Friday, October 26, 2012
12:00 AM | Posted by Michelle | Edit Post
I was a high school nerd.
I was always on the outside watching the “cool” kids. Wishing secretly that somehow I could break into their clique. Wishing I was part of whatever fun they were having. But if you had asked me then, I would have told you I didn't care. That they were just dumb jocks and self righteous girls. That they should really look at themselves before they said anything. I even antagonized them. I mocked them openly. I flaunted my grades to them. I let them know that I didn't need them. They made sure I was never included. It was a vicious circle.
Of course it probably didn't help that I was on the Health Team (we promoted healthy lifestyles). I was in the Library Club (self explanatory). I was a very minor lead in our high school musical, Grease (I played Ol' Lady Lynch). I was in the Cooks Training Program (we ran the cafeteria). During one of my spare blocks my senior year, I volunteered in the school office. I'm really just digging myself in further about my geekiness.
I hung out with the social misfits. The rockers, stoners, smokers. Ironic, when I was a complete nerd. They accepted me though for who I was and we had a lot of fun. They also were tormented by those alleged “cool kids.” Of course, not to their face but behind their backs (I'm pretty sure the cool kids were scared of the people I hung out with).
Even after high school my social scale never really flew. I hung out with people like myself. For a while I hung out with my ex-boyfriend's bag pipe band. I was also a member of the Society of Creative Anachronism (we pretended we were in the middle ages). It really was as bad as it sounds.
I've never fit in at places I worked at as well. I continued to feel like I was on the outside. I never really got along with some of the women I worked with. I wasn't invited out to lunches. I was invited to evening drinks. I made out like I didn't care. But I would go home and cry. I sometimes would even cry in my cubicle.
I have always made my own circle of friends. Friends who accept me for who I am. Friends who don't judge. I am a very brutally honest person. Sometimes I say things that others don't. Sometimes I shock people. I have lost friends because of this. I don't go against society norms, but I try to be honest. Maybe people don't like that. It's easier to not be honest I guess.
You may wonder why I am writing this. I feel on the outside again. I know some of this is just that a feeling. I am on Twitter. I am on Facebook. I obviously blog. There are many times I'll post something on Twitter or this blog and no one comments. I posted last week on Twitter, that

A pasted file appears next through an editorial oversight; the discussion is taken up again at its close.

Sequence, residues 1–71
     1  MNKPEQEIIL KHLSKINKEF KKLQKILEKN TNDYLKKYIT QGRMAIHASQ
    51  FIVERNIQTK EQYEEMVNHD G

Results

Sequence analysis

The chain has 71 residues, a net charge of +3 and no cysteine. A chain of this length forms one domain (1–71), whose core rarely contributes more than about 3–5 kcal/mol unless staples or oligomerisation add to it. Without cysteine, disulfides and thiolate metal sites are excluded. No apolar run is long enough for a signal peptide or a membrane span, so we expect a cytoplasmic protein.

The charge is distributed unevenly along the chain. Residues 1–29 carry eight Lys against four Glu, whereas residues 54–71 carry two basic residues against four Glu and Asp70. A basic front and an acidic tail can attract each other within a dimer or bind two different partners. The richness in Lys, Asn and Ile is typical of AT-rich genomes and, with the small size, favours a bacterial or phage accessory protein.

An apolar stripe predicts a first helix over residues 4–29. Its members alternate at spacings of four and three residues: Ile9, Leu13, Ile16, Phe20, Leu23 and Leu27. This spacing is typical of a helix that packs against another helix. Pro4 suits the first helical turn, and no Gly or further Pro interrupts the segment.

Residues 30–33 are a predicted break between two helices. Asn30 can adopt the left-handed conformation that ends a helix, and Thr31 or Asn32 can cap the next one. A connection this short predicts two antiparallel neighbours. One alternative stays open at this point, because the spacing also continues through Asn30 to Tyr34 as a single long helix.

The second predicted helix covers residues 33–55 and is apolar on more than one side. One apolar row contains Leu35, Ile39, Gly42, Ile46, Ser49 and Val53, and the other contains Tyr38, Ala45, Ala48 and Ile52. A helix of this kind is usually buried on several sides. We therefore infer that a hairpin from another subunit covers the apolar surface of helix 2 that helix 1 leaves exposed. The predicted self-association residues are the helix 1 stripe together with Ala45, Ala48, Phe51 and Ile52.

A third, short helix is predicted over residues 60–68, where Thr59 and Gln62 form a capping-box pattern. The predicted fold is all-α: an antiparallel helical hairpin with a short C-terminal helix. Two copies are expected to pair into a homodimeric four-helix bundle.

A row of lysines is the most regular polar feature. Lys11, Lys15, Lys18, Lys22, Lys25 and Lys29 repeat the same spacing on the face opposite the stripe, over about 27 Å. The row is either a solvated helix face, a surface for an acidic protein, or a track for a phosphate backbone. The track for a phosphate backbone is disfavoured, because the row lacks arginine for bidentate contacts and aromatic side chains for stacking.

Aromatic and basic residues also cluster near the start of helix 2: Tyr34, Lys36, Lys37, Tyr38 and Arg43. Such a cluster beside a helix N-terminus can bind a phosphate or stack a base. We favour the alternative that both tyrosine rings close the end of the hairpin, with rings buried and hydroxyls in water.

“realizing more and more how much of an outsider I have become.”
No one commented, although supposedly I have 143 people following me. I'm not complaining. Just stating fact. I linked up to a fellow bloggers blog this week. She has on average approximately 60 people link up every week. Only one person commented on my blog and she is one of my regular followers. (Thank you Andi). Lately people on social media have posted or tagged about going to Allume. (Allume is a Christain Women's Conference inspired by Incourage). I am sure that the 400 ladies in attendance will be lifted spiritually. But there is a little of high school involved in it all. They go on and on for months about it. They all tweet about buying their tickets. They all ask who's going. They all tweet while they're there. I'm not saying that they shouldn't, but there is a little of the haves and haves not.
This isn't just about the social media world either. How many of us don't fit in with the clique at church? How many of us can stand during coffee time and nobody come and talk to us? How many times do people leave our churches because we haven't welcomed them in.
It's hard to put yourself out there. We wonder why we all walk around with masks on. We wonder why we can't be honest? Why are people so scared to put themselves out there? We are afraid of how people will perceive us. We are afraid we won't be accepted for ourselves. We are worried that people won't like us for who we are and not what we bring to the table.
Someone though does love us. Loves us for who we are, not what we are. Loves us even through all the scrapes, scabs, or bloody mess that we are. We are created just as He wanted us. Some of us are taller. Some shorter. Some thinner. Some not so thinner. Some quiet. Some loud and obnoxious (that's me!). God loves us just because we come. Nothing more. Nothing less. He doesn't love us because we fit in. He loves us because He fits us in. We are only made complete through Him. We need to remember this. We need to remember that we only need to find acceptance in Him and nothing else. We need to teach our children this truth. I believe that until we do, the vicious circle of the haves and haves not will continue. The masks will remain. We will never be truly authentic as it is.
This has been very painful to write. I have had to remember those times where I've broken down feeling unaccepted. It hurts as a child and cuts as an adult. The wounds are barely healed. But He is healing them. He is working in me to start this change. To open peoples minds. To tear off our masks. To be as authentic as I possibly can. I pray that this be a place not of judgement, but a place of authenticity. A place of peace and laughter. A place of belonging.
Have you ever felt like you didn't fit in? What masks are you wearing? Come link in with the Java Junkies this week and share your randomness.
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